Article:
Myanmar Govt to Probe Contentious Chinese Development on Thai Border

By Nan Lwin 16 June 2020

YANGON—The Myanmar government has formed a tribunal to investigate irregularities surrounding a controversial China-backed city development project near the Thai border in Karen State.

The planned mega resort and city expansion project is controlled by the Karen State Border Guard Force, a Myanmar military-backed armed group led by Colonel Chit Thu and formerly known as the Democratic Karen Buddhist Army (DKBA). The project is a collaboration between a Hong Kong-based company called Yatai International Holding Group (IHG) and Col. Chit Thu, officially dubbed the “Myanmar Yatai Shwe Kokko Special Economic Zone.”

The project has sparked criticisms due to a lack of transparency, land confiscations, confusion over the scale of construction and the growing influx of Chinese money as well as suspected illicit activity and local concerns about the social impacts of casino businesses.

At a press conference in Naypyitaw on Monday, Union government office Deputy Minister U Tin Myint said he has been selected as chair of an investigative tribunal for the Shwe Kokko project.

U Tin Myint said that the team has yet to make a site visit due to COVID-19, but he has instructed officials from the Karen State government, the General Administration Department and the Settlement and Land Records Department to inspect conditions of the project on the ground.

In September 2017, Col. Chit Thu and Myanmar Yatai Company signed a partnership agreement, initiated by the China Federation of Overseas Chinese Entrepreneurs. In 2018, the Myanmar Investment Commission (MIC) approved US$22.5 million in investments for the Shwe Kokko urban development project, including for the construction of 59 villas within three years on 10.3 hectares of land in Myawaddy Township.

In 2019, local media reported that the construction activities in Myawaddy have far exceeded the approved scale for the project. Later, the project was temporarily suspended for breaching investment regulations following on-site investigations by Karen State authorities.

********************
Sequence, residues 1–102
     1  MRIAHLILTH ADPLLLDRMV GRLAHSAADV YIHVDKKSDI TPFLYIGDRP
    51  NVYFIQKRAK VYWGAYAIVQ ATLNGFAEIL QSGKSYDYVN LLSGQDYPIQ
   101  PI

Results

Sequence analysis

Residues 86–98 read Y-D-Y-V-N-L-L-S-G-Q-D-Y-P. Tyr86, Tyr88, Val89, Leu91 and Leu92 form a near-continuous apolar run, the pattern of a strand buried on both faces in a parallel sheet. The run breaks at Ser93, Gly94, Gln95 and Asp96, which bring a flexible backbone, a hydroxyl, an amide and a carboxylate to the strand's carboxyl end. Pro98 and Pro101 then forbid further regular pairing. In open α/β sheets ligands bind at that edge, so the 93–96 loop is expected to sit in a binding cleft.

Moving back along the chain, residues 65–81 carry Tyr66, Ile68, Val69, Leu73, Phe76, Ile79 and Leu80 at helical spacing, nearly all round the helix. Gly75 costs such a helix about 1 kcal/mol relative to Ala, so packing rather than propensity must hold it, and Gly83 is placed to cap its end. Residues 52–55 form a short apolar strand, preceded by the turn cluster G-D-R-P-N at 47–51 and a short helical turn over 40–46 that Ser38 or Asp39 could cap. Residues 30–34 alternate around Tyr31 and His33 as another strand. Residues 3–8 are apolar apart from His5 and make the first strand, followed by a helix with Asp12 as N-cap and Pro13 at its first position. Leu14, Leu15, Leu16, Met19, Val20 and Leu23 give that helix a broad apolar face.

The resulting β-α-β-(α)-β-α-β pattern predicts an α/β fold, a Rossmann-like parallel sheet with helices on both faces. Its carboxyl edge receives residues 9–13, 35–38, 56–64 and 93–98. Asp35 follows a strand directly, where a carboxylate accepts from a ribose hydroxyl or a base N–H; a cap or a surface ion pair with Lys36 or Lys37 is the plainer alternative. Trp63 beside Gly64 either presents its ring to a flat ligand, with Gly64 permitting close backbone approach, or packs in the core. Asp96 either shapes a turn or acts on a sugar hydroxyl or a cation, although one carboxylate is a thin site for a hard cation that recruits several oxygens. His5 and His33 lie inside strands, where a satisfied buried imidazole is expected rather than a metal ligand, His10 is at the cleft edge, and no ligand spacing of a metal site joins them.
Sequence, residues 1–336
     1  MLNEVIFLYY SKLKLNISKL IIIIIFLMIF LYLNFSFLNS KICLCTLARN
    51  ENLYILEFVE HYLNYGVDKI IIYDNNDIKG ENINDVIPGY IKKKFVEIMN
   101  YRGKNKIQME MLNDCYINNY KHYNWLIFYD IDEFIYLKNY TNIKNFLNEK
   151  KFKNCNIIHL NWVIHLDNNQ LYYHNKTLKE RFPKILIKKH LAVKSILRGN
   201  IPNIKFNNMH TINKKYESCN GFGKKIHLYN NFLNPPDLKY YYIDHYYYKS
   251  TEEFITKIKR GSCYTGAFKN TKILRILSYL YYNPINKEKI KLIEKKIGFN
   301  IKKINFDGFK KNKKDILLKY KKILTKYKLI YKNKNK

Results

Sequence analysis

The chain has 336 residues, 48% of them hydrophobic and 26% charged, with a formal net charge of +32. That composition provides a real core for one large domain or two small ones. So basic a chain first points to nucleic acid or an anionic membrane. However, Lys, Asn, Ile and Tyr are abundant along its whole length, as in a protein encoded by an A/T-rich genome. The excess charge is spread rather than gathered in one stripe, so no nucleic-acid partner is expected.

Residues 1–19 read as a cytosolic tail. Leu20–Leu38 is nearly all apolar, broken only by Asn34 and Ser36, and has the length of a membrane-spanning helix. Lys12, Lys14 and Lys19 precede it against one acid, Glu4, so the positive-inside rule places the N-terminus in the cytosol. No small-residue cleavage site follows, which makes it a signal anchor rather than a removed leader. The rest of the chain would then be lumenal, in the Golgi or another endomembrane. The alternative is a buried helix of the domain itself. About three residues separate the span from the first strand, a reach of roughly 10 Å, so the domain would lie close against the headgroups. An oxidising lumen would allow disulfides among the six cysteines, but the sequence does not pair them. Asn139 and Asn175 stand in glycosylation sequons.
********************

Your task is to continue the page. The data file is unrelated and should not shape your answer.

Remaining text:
A report titled “Gambling Away Our Lands” by the Karen Peace Support Network (KPSN) in March said that despite the announced suspension, locals report that full-scale construction is continuing and thousands of Chinese workers remain on site.

Yatai International Holding Group also revealed on its website that the entire planned development would cover nearly 30,000 acres (12,140 hectares), stretching 19 km along the border and costing US$15 billion. The development involves luxury housing, condominiums, hotels, shopping centers, a golf courses, casinos, gambling and entertainment, tourism, culture and agriculture. Yatai said that the first phase of the project, covering 214 acres, was underway with US$500 million already invested.

A promotional video from Yatai International advertised the project as the “only area in Shwekoko that is authorized to operate casinos,” and its business plan identifies casinos as the top source of revenue, which is expected to reach US$11.4 billion within ten years. The company website also claimed that the project is a part of China’s ambitious Belt and Road Initiative (BRI).

U Tin Myint said the Myanmar government has so far not given official permission for casinos businesses to operate in the city project.

Myanmar enacted a new Gambling Law in May 2019 that legalized casino operations. However, only foreigners are allowed to gamble.

“Casinos business are not allowed so far in Shwe Kokko. Let me be clear about this: we have not allowed any gambling activities in that area officially,” U Tin Myint said.

He said State Counselor Daw Aung San Suu Kyi also instructed the Karen State government to follow the law when it comes to handling the project.

The KPSN report said several casinos had already begun operation in the newly-constructed area since mid-2019, including online gambling casinos. KPSN said that locals are raising concerns that the area will become a money laundering hub and about the social impacts of the casino industry, including human trafficking.

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